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Cricket: A Bridge of Peace
This book was written when the author was manager of the Pakistan cricket team during its tour of India in 1999 and the World Cup in South Africa in 2003. The author has focussed on the role of cricket as a bridge of peace within a tortured society, South Africa, and between hostile neighbours Pakistan and India. It also chronicles the matches on the two tours, drawing cricketing conclusions from Pakistan’s success in India and its failure at the World Cup. As an experienced diplomat and cricket enthusiast, Shaharyar Khan is eminently qualified to analyse the role of cricket in politics and diplomacy, and its moulding influence in public attitudes.
In December 2003, Shaharyar Khan was appointed Chairman of the Pakistan Cricket Board. During March and April 2004 the momentous series between Pakistan and India took place, and in the epilogue the author chronicles the events of that series. His conclusion now is the same as then: that cricket does act as a bridge of peace.
Nawabzada Shaharyar Mohammed Khan, a direct descendant of the Bhopal ruling family, was born in 1934. He did his law and acquired his master’s degree from Cambridge University before joining the Pakistan Foreign Service in 1957. He served as Pakistan’s ambassador to Jordan, UK, and France. He reached the top position of his profession as Foreign Secretary, a post he held for four years, from 1990 to 1994, when he retired. He was also UN Secretary General’s Special Representative to Rwanda.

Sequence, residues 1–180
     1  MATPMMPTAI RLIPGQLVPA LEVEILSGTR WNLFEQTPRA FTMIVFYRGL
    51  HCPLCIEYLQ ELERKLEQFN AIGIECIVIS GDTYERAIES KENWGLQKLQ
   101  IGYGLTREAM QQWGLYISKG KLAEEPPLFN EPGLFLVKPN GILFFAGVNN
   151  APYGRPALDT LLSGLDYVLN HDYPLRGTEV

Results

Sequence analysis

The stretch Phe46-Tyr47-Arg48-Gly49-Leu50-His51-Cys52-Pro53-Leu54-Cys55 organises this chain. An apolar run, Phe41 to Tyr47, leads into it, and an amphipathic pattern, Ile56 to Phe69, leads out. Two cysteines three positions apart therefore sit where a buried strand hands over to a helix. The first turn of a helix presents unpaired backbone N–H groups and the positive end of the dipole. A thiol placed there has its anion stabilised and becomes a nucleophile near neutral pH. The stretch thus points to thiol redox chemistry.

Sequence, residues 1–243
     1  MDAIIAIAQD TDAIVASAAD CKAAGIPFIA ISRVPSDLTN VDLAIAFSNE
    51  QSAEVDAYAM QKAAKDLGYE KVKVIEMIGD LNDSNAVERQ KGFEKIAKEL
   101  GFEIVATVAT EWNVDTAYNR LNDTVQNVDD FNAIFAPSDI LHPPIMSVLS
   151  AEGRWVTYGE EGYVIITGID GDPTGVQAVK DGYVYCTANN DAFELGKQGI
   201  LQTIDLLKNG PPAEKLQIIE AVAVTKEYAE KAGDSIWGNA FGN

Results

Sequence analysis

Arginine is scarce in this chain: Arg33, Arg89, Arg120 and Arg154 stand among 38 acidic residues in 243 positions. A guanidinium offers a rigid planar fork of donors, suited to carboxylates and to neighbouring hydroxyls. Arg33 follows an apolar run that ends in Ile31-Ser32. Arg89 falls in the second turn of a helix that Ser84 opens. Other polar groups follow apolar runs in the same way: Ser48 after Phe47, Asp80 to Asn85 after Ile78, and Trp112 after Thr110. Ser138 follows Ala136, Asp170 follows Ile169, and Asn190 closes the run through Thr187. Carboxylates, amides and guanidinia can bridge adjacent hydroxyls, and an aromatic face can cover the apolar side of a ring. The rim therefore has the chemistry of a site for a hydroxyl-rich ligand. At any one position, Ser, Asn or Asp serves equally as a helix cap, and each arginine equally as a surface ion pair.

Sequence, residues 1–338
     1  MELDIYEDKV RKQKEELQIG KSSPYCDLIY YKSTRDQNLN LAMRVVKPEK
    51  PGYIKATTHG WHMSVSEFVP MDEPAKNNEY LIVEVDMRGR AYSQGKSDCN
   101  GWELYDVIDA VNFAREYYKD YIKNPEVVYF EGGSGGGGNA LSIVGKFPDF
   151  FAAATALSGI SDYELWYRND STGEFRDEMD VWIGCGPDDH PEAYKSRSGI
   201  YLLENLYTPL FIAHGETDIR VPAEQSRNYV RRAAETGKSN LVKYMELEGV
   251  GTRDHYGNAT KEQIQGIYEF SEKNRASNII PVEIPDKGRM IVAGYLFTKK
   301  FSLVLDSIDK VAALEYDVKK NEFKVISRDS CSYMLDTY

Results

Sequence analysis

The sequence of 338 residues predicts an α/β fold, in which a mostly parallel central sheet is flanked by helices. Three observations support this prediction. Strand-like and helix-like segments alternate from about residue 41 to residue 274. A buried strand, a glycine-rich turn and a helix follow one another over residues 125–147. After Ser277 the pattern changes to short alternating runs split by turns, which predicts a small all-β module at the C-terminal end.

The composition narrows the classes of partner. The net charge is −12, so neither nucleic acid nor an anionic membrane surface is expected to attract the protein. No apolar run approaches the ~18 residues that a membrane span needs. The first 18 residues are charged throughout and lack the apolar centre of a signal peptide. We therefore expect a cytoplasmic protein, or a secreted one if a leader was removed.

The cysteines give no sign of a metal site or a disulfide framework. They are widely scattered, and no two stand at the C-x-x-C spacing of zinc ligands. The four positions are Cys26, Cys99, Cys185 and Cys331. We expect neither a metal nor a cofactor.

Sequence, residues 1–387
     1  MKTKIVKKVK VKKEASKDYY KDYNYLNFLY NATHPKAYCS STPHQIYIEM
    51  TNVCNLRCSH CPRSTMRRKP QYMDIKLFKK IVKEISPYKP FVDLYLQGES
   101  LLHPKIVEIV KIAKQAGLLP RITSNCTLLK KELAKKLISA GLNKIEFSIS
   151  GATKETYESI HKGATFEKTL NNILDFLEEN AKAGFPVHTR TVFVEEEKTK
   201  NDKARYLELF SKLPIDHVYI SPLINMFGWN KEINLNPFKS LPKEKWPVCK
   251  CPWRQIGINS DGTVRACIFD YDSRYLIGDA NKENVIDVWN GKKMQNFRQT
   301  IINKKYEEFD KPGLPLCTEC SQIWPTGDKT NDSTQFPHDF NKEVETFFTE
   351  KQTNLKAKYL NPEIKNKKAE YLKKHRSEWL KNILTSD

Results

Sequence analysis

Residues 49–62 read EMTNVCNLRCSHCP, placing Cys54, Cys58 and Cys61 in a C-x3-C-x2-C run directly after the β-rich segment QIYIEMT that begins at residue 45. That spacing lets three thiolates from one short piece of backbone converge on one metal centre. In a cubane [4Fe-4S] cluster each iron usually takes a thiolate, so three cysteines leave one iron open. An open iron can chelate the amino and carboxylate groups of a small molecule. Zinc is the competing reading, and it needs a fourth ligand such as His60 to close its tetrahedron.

Shaharyar Khan made his school’s first XIs at a young age. At Cambridge he scored a half-century in the freshman’s final. He played regularly for Cambridge University Crusaders during a period when Cambridge had eight established county players in its first XI. After university, Shaharyar played first grade club cricket for MCC, Hornsey, and Wimbledon, a famous club that he captained while serving as a Pakistani diplomat in London. He was elected a playing member of the MCC in 1962. Because of his career in the Foreign Service Shaharyar opted out of playing first class cricket in Pakistan. But he managed to continue playing club cricket during his assignments to cricket-playing countries and when posted to headquarters in Islamabad where he was an active club player.
Shaharyar M. Khan has written two books, The Begums of Bhopals: A Dynasty of Women Rulers in Raj India and The Shallow Graves of Rwanda. Cricket a Bridge of Peace is his third book. He has also edited his mother’s (Princess Abida Sultaan) autobiography Memoirs of a Rebel Princess.